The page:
Electives During the OTD Program
February 5, 2021
This Fall I was feeling burnt out towards the end of the semester. It was my first OTD semester with classes being virtual and it was my first time being the only OT at my site (primary care clinic). Many times, I was just trying to keep up with my assignments and residency demands. During the month of October, I began looking at what classes I would be taking for the Spring semester, but it was all just too stressful, and I kept pushing it back. My bi-weekly check ins with my faculty mentor and clinical preceptor helped with brainstorming ideas for potential electives to take in the Spring. The idea of getting to choose courses that interest me and plan my own schedule sounded refreshing. I began to look for electives outside of the OT department since I’ve never had the opportunity to take a class in another department.
Taking the advice from my check ins and further understanding the needs of my residency population, I decided to look for electives in gerontology, policy, and pain medicine under the Keck School of Medicine. Eventually, I came across several exciting opportunities to take as electives but not enough units because of the 2 additional elective units I took during the Master’s program. Remember that during the OTD program you can take 4 units of electives (unless you took extra elective units as a USC Master’s student). For students starting their OTD in the fall, in the Spring semester you will also be taking OT 621: Occupational Therapy Leadership: Contemporary Issues (4 units).
Since the beginning of my residency training our focus has been supporting clients with uncontrolled diabetes and hypertension. I also had the opportunity to provide short consultations, with one of the highest requests being for chronic pain. Clients on our active caseload will often request support with pain management as well due to diabetes complications such as neuropathy and other comorbidities that cause pain, making it harder for them to engage in their health management and daily occupations. Given this need and while doing further research, I decided I wanted to use my 2 elective units to learn more about pain and better support my clients. After reaching out to Keck faculty to get clearance for pain medicine courses, I enrolled in PAIN-704: Pain and Society: Epidemiology and Cultural Issues and PAIN-720: Physical and Occupational Therapies. PAIN 704 is a course focused on exploring societal issues related to pain and pain management such as culture, ethnicity, caregiving, social and psychological factors. PAIN 720 is a course focused on discussing different OT and PT techniques to assess and treat chronic pain.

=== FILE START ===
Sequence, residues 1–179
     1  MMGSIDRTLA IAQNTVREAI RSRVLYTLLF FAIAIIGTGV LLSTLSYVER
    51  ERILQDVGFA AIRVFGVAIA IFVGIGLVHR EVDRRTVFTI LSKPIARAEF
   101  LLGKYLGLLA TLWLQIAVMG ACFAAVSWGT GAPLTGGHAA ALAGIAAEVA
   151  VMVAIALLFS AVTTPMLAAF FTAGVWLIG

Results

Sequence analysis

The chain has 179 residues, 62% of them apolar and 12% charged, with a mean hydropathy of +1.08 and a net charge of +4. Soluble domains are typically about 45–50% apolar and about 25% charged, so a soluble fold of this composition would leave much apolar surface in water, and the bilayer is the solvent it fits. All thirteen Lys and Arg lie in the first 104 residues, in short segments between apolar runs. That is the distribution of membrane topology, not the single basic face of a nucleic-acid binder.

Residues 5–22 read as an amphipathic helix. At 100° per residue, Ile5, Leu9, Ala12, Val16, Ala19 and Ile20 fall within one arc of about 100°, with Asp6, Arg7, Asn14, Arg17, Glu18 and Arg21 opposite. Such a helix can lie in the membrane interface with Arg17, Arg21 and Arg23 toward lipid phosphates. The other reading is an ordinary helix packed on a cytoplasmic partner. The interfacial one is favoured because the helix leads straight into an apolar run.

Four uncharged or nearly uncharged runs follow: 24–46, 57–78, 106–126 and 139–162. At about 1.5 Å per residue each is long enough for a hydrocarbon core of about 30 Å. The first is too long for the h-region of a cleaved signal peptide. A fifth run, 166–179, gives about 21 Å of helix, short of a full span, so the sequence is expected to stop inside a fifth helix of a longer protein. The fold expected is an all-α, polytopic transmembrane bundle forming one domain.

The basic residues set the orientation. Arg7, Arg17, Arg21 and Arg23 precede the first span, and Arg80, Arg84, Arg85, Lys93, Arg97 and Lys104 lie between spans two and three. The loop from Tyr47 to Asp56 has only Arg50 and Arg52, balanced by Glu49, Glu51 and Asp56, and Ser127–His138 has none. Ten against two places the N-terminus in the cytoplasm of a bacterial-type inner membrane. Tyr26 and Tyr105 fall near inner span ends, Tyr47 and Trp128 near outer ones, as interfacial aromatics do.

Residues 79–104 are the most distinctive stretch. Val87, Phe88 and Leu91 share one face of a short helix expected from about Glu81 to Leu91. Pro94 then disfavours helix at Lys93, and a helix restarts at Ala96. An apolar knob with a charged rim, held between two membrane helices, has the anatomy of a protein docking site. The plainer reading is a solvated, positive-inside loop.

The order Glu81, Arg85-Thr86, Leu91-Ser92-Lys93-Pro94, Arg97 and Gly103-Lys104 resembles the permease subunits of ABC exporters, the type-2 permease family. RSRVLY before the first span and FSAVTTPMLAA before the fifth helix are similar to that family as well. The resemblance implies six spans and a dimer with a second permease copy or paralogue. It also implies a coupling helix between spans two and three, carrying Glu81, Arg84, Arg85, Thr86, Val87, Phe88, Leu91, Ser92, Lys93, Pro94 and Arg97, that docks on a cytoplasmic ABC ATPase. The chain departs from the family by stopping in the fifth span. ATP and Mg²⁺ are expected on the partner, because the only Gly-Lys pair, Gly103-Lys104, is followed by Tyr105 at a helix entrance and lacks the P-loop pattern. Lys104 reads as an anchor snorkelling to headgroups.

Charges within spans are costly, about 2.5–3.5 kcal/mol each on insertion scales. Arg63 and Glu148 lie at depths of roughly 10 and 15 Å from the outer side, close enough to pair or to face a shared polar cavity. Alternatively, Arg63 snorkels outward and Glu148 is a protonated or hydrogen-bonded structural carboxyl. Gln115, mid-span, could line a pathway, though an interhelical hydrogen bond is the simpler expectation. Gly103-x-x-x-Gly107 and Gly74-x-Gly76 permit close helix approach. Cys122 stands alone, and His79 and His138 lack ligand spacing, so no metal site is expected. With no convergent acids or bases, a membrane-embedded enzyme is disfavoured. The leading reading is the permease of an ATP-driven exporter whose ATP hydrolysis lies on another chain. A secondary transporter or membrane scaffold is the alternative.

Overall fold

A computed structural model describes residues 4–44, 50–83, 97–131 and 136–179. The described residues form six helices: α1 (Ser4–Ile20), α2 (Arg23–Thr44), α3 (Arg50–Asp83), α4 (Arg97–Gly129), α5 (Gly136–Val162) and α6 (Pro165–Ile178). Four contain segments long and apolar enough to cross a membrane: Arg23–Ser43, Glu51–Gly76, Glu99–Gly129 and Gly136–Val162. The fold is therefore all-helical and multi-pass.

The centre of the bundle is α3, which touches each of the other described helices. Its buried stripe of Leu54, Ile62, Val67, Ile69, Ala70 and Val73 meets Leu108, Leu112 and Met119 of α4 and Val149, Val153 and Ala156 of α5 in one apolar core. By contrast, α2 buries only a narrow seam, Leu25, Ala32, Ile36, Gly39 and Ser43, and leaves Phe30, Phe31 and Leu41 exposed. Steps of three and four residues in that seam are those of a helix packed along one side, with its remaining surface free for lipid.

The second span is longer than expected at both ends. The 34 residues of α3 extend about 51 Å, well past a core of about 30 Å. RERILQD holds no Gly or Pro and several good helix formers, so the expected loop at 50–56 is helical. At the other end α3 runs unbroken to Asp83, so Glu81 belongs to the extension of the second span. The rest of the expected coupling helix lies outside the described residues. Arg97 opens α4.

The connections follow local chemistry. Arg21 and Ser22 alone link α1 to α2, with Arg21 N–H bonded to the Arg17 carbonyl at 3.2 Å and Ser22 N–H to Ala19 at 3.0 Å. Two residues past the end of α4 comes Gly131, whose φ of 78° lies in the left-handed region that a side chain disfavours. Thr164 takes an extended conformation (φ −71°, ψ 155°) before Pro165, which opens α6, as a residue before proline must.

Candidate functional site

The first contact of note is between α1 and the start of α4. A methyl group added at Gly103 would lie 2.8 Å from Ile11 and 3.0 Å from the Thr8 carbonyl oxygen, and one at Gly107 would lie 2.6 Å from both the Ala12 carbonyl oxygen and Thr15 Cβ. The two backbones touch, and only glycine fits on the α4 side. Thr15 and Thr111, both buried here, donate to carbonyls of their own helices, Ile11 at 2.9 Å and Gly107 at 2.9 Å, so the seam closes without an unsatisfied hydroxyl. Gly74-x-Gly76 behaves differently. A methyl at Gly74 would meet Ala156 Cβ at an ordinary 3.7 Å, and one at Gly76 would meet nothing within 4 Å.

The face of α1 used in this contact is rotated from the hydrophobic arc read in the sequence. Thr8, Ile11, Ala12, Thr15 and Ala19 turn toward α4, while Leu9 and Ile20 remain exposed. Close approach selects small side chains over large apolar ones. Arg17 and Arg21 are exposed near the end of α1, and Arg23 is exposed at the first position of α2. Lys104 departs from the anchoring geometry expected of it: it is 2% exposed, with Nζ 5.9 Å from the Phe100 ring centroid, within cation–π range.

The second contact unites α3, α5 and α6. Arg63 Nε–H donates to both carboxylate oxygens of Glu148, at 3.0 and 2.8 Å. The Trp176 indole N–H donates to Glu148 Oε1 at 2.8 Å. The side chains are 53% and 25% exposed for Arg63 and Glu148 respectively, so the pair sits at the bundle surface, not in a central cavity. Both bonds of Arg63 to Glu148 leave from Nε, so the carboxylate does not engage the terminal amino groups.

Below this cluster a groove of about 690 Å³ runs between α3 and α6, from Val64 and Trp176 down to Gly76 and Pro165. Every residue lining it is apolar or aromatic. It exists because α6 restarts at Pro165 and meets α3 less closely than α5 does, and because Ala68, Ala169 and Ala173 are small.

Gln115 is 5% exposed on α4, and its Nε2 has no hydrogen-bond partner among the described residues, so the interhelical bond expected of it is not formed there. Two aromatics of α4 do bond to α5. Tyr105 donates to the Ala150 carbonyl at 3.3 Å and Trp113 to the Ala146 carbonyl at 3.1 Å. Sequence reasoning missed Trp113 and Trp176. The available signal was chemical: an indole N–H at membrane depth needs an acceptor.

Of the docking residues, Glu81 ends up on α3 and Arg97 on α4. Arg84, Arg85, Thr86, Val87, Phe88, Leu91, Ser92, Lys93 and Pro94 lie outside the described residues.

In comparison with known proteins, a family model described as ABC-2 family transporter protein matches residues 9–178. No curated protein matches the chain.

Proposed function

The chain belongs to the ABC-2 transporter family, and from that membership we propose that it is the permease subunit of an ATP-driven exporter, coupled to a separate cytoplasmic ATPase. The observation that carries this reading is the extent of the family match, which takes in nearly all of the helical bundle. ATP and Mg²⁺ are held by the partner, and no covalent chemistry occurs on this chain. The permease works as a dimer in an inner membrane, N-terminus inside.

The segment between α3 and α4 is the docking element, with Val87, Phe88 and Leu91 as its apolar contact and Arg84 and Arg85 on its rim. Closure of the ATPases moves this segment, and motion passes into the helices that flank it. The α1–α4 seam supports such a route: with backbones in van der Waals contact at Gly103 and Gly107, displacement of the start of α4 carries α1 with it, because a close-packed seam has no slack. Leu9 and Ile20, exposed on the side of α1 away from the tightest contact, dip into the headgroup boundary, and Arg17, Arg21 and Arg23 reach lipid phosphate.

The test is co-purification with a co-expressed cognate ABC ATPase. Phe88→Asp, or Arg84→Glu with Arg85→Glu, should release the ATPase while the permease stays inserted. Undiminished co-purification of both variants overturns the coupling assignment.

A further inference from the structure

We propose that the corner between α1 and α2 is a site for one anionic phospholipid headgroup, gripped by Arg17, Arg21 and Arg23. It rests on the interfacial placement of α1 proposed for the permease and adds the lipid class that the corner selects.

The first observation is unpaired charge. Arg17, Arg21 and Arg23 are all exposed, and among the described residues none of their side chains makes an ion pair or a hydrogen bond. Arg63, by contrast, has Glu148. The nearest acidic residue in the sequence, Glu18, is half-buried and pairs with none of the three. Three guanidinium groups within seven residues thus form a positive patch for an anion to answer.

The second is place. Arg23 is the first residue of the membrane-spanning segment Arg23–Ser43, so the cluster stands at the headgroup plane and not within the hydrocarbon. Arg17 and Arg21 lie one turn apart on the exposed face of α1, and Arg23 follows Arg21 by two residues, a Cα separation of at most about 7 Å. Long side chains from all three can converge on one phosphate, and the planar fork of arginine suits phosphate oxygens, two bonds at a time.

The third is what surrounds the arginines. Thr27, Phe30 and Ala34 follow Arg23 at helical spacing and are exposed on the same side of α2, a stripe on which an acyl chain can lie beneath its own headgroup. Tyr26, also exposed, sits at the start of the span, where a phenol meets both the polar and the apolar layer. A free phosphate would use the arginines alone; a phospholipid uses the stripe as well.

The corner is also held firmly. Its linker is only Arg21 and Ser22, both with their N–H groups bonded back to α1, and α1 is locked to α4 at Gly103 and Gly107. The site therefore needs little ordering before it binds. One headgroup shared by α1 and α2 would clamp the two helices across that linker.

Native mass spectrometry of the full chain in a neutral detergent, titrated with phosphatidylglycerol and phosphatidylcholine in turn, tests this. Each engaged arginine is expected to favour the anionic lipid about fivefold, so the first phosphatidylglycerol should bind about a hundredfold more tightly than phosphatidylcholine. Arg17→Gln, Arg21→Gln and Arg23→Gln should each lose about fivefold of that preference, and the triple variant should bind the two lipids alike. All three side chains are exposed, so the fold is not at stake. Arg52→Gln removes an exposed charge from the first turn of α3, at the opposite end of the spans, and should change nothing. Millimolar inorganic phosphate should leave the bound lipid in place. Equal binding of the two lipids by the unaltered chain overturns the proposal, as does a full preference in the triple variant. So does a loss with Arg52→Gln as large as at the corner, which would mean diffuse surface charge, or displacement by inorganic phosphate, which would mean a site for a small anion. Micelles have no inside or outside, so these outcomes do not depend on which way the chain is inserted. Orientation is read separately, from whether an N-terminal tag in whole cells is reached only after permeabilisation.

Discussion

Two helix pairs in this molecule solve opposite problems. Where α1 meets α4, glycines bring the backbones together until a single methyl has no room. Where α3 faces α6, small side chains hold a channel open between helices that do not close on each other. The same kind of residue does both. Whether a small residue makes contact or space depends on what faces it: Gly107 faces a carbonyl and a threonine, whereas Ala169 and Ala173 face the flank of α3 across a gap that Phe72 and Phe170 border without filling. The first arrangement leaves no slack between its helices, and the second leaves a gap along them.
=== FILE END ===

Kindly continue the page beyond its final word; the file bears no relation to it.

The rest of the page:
The first week of January I had a check-in with Dr. Sarah Bream, our OTD Program Director. During our meeting I shared with her my desire to take MDED-511: Immigrants, Illness, and Narrative Medicine (4 units), but not having enough units. MDED 511 is a course that examines immigrant experiences in the U.S. through the lens of narrative medicine, aimed to deepen students’ understanding of critical issues affecting immigrants in the U.S. and develop skills to better serve immigrant communities and populations in healthcare and other social services. I shared with her my passion to increase my knowledge and skills to better serve immigrant communities during my residency and in my career. Dr. Bream was very receptive of my ideas and even provided additional advice to work on for my OTD portfolio. She shared with me that on a case-to-case basis, exceptions could be made to substitute OT 621 with another course. I was really surprised but excited to hear this because that meant I could take the MDED 511 course. I truly appreciated her help with problem solving, finding a way to shape my OTD experience, and taking care of the necessary paperwork to make the change.
I am now three weeks into my Spring semester, and I am feeling refreshed (after Winter Break), more confident in my clinical skills, and looking forward to my electives expanding my knowledge. I wanted to share my experience choosing electives during the OTD because if you are feeling unsure about what to take or simply don’t have enough units to take certain courses, I encourage you to reach out to Dr. Bream, your faculty mentor, classmates, the student ambassadors, or even former students because unless you ask, you may not know about the different ways that you can customize your learning experience.